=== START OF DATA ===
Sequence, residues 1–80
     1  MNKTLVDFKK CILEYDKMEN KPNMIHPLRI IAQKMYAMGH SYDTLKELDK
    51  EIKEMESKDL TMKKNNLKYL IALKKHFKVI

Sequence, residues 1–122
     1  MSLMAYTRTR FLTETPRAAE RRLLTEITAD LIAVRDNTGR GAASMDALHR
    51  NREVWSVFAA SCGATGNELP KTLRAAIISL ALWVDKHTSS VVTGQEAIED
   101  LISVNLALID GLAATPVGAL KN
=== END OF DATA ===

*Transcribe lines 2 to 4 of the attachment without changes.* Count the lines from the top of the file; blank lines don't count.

     1  MNKTLVDFKK CILEYDKMEN KPNMIHPLRI IAQKMYAMGH SYDTLKELDK
    51  EIKEMESKDL TMKKNNLKYL IALKKHFKVI

Sequence, residues 1–122